Patriotism, loyalty, and commitment were the main pillars on which the Pledge of Allegiance in American public schools were founded. Reciting the Pledge before the start of lessons has been a common practice. The pledge of allegiance was first acknowledged and implemented in the U.S in 1942 (Cooley, 2019). Over the years, arguments have arisen over the clause “Under God” regarding its implication on students’ freedom from coercion and religious identity. Arguably, students in public high schools have developed religious identities that should be respected under the Establishment Clause and should not be forced to recite the Pledge of Allegiance.
Arguments against Reciting the Pledge of Allegiance
The teacher-guided recitation of the Pledge of Allegiance in public schools is unconstitutional. Although the Pledge of Allegiance has been a common practice in the U.S. for many years, the 1954 Congressional legislation that added the words “under God” introduced a religious conflict that renders the clause’s mandatory use in public schools unlawful (Cooley, 2019). Before the introduction of the clause, the Pledge alluded to “one indivisible nation” (Cooley, 2019, p. 911). Indivisibility is not synonymous with being one nation under God since that clause divides the nation by religious beliefs. According to the Establishment Clause, every American has the right to identify with a religion of their choice without being forced to subscribe to a different faith (Cooley, 2019). Evidently, public schools are comprised of students from different religious backgrounds, including atheists. Forcing students to recite the Pledge of Allegiance subjects them to a coercive environment that requires them to affirm God, which is not essential for the Pledge’s primary goal- patriotism.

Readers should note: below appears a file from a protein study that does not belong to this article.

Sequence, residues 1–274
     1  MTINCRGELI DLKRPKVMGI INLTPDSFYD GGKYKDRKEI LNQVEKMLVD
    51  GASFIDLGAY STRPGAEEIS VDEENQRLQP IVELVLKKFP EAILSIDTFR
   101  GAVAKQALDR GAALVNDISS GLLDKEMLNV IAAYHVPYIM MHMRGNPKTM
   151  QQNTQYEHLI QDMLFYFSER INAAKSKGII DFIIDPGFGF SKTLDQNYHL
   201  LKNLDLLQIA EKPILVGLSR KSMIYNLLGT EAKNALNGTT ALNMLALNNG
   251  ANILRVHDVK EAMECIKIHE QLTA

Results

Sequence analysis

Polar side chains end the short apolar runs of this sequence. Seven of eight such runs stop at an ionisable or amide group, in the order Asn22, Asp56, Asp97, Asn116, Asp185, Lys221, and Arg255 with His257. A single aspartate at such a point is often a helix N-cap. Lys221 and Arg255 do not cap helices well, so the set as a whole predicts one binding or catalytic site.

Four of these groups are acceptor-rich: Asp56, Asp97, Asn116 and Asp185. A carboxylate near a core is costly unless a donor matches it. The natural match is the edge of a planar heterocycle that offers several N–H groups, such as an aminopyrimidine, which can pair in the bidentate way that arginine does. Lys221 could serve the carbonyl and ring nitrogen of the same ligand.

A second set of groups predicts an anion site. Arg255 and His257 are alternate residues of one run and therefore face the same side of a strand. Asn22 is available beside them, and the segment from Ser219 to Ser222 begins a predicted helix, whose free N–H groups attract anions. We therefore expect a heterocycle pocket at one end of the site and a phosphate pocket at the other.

The influence of religion in American civic life is the second reason for discontinuing the Pledge of Allegiance recitation in public schools. The U.S. Constitution requires that civil duties be separated from religious requirements (Cooley, 2019). The current law requiring students to start with the Pledge before they get to their classes implies that religious duties are laced before civic responsibilities. Although the original intention of the Pledge of Allegiance was to instill a sense of identity and patriotism, its connection to “one God” has an implication on the role of religion in influencing the students’ civil duties of standing by each other, united as one nation (Cooley, 2019, p. 911). In addition, the current law requires that teachers lead the school in the recitation, implying that a teacher’s role as an educator is preceded by their religious implication. Currently, students and teachers are forced to affirm God, playing religious roles masked under the advocacy for patriotism, which should be discontinued.